By Brent Frazee
“Move over, Mother Nature. We’ll take it from here.”
That could be a motto for the fish hatchery system of the Kansas Department of Wildlife, Parks and Tourism.
Using innovative approaches, the hatcheries are not only maintaining fish populations, they are creating new opportunities like never before.
Walleyes, wipers, largemouth bass, blue catfish – they’re all thriving in Kansas thanks to hatcheries.
“We’re proud of what out hatchery system has been able to accomplish,” says Doug Nygren, chief of fisheries for Wildlife, Parks and Tourism.
“A lot of times, the success rates of spawns aren’t real good in wild”.
“But in a controlled setting in our hatcheries, we’re able to produce many times more fry that will eventually be stocked back into our waters. There’s no question that’s making a difference in our fishing.”
The next time you catch a big walleye in Kansas, thank Wildlife, Parks and Tourism, not Mother Nature.
Surveys have shown that less than 10 percent of eggs laid by female walleyes in the wild will hatch. But that number climbs to a 70 percent success rate in the hatchery.
Each March, fisheries workers set nets along the dams of Kansas reservoirs and collect walleyes. They strip the females of eggs and the males of milt, then transport the mix to hatcheries.
The fertilized eggs are placed in aerated jars and they hatch 10 days later. Three days after hatching, most of the fry are stocked in large Kansas reservoirs. Others are kept and reared until they reach 8 to 9 inches, ensuring a better survival rate.
The Milford hatchery produces 45 to 60 million walleye eggs a year.
Of the fry that hatch, only a small percentage survive. But that total is still high enough to build a viable walleye population at reservoirs such as Cedar Bluff, Wilson, Glen Elder and others.
And a move to raise a portion of the young-of-the-year walleyes to intermediate sizes is helping survival rates even more.
When Wildlife, Parks and Tourism started stocking wipers (a cross between white bass and stripers) in 1990, it had a simple goal: to introduce a top-end predator to reduce the numbers of large gizzard shad.
Little did fisheries officials realize that advancements in their hatchery system would one day result in a nationally known fishery.
Wipers don’t reproduce naturally, so they are produced in hatcheries by crossing striper females with white bass males.
There was only one problem in Kansas: The state didn’t have a reservoir where it could consistently collect adult stripers. But eventually, hatchery officials at Milford devised a way to take the striper fry they did have and raise them to adult sizes, when they could breed.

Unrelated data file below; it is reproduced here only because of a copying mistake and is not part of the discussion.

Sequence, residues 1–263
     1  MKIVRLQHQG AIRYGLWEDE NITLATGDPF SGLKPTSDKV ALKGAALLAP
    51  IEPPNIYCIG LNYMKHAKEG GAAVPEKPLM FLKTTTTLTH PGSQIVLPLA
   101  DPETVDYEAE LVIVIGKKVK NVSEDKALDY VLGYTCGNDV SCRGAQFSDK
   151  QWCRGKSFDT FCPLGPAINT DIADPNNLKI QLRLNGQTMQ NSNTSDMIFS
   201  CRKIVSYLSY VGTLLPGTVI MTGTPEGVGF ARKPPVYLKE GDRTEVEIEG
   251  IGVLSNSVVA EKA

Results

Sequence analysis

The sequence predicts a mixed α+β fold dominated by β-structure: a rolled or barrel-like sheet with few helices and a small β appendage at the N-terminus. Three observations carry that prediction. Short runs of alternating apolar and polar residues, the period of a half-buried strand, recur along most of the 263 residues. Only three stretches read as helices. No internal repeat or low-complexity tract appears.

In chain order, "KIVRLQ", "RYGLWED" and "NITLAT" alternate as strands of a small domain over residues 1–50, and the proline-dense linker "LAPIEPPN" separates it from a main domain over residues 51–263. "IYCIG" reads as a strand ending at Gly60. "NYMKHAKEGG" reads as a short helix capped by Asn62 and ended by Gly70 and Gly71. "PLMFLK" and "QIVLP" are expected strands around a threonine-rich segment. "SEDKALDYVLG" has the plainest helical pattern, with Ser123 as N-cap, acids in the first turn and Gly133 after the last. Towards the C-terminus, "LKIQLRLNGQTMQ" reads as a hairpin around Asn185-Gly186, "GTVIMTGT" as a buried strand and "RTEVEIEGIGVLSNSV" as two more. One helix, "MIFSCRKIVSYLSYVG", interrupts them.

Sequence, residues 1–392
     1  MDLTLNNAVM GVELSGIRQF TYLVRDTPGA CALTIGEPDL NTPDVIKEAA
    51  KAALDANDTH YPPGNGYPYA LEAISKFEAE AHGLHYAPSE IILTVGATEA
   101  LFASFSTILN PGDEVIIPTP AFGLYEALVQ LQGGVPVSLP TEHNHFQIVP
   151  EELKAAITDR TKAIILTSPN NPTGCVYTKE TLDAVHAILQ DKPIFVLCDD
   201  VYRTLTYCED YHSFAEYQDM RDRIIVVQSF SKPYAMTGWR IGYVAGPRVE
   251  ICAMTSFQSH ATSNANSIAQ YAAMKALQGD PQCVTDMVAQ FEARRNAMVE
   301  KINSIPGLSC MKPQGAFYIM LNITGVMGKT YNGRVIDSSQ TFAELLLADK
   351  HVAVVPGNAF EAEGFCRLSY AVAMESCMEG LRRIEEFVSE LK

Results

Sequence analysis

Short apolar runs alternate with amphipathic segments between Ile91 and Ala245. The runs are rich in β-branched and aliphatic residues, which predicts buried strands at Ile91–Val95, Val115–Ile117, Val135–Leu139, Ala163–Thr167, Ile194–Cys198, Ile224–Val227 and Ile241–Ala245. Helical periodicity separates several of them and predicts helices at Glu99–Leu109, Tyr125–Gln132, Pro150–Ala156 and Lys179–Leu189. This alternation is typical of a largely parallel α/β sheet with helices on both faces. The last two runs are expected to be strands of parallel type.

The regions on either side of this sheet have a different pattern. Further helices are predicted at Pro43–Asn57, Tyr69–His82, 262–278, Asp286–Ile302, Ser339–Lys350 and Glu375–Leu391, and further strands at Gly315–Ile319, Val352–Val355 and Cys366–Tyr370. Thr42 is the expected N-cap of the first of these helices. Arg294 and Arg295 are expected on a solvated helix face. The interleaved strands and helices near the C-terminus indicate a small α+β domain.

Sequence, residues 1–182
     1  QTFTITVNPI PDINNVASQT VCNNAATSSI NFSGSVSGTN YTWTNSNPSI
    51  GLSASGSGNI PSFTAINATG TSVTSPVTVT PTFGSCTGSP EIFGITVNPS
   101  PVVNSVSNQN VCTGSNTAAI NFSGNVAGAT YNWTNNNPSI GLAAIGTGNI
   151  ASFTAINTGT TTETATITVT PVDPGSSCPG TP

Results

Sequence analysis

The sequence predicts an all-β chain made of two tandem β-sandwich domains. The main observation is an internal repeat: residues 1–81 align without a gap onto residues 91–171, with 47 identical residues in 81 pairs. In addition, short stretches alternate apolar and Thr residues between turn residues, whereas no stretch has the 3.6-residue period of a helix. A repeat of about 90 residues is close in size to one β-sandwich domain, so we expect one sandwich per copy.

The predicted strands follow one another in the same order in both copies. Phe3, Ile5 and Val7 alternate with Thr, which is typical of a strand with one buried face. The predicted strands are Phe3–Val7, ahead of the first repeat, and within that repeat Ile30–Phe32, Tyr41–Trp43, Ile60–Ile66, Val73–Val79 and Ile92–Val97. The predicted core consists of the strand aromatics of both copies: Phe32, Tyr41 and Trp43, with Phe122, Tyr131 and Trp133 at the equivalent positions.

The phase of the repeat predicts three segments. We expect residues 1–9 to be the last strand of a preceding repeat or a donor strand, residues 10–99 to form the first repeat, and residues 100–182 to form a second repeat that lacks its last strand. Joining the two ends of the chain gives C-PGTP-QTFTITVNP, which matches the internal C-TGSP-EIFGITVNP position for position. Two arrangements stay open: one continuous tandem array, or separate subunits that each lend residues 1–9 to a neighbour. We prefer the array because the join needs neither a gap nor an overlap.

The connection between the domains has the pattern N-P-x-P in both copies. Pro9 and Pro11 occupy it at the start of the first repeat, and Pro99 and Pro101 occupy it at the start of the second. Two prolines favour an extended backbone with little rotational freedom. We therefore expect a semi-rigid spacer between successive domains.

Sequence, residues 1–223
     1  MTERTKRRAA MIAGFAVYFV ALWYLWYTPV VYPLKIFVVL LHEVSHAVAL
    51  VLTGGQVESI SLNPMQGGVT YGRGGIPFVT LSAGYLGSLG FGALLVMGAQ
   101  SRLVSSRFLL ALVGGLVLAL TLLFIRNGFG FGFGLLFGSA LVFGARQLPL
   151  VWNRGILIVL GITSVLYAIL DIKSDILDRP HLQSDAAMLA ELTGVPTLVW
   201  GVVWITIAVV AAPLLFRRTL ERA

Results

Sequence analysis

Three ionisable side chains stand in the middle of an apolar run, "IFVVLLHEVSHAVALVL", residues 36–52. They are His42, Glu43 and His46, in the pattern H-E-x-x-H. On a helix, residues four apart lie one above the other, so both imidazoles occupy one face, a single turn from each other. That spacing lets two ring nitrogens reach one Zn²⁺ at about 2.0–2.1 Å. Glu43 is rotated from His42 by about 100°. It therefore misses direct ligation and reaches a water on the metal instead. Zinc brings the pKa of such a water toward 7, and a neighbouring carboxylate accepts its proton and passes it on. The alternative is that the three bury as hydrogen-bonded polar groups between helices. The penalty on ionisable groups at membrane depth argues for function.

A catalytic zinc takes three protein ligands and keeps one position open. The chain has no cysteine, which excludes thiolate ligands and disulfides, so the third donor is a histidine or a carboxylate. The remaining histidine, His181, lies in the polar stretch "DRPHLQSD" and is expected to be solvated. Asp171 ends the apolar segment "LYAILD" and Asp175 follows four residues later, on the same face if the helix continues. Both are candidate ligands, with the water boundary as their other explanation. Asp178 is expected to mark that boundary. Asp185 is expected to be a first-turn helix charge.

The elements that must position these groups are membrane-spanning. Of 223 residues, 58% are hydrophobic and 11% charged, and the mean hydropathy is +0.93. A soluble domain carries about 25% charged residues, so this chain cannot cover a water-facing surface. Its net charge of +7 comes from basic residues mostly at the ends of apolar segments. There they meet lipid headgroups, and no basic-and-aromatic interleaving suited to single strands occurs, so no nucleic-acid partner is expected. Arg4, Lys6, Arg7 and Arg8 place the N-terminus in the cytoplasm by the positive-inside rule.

The female stripers and male white bass spawn in a controlled setting in the hatchery, then the fry are pampered until they grow large enough to be stocked.
The process has been a big success and the Milford Hatchery no longer has to beg other states for adult brood stock.
In fact, Kansas is now the go-to state for others seeking to start wiper populations of their own.
Kansas has never been recognized as a bass-fishing state. But that may change if a new hatchery program continues to progress.
Patterning a system similar to successful programs in Florida and Texas; Wildlife, Parks and Tourism now spawns bass in its Meade hatchery.
In late winter, workers trick the bass into thinking it is spring. Almost two months ahead of the time when bass would spawn in the wild in Kansas, workers manipulate water temperature, length of light, and other conditions to get the largemouths to lay their eggs inside raceways.
The bass are then raised to fingerling sizes at the Meade and Farlington hatcheries and are stocked in reservoirs.
The advantages? The hatch rates are excellent. “We get three times the fry Mother Nature does in the wild,” says Jason Vajnar, who manages the Meade Hatchery.
The bass also get a head start of several weeks over their wild counterparts, and that makes a big difference.
Kansas fisheries biologists know that the program is working. DNA of the young bass is recorded for each bass that is stocked. When fish are found during population surveys, biologists take samples of the largemouth bass to see if the genetics match up with the DNA of fish that were stocked.
They have found that the stocked bass and their offspring make up the majority of bass sampled.
Fishermen are seeing the difference too.
In a state such as Kansas where largemouth bass populations in large reservoirs have historically been weak, bass fishing has dramatically improved at reservoirs such as Wilson.
Milford Reservoir is nationally known for its blue catfish, thanks to Wildlife, Parks and Tourism.
The agency, known as the Kansas Fish and Game Commission at the time, first stocked blue cats at the reservoir in northeast Kansas in the 1970s with fish obtained in trades with other states, but it found little success.
That changed when Kansas found a strain more suitable for its reservoirs and started raising those blue catfish in its hatcheries.
Milford was one of the first reservoirs stocked with the new strain of fish and the population quickly took off.
Today, natural reproduction is enough to sustain the population and stocking is no longer needed.
Milford is not the only Kansas success story. Other reservoirs such as Perry, Clinton, Elk City and Melvern also produce good blue cat fishing due to stockings.
Photo by Brent Frazee
(Kansas hatcheries are producing great fishing for anglers such as Mike Harris, who displayed a wiper caught at Milford Reservoir.)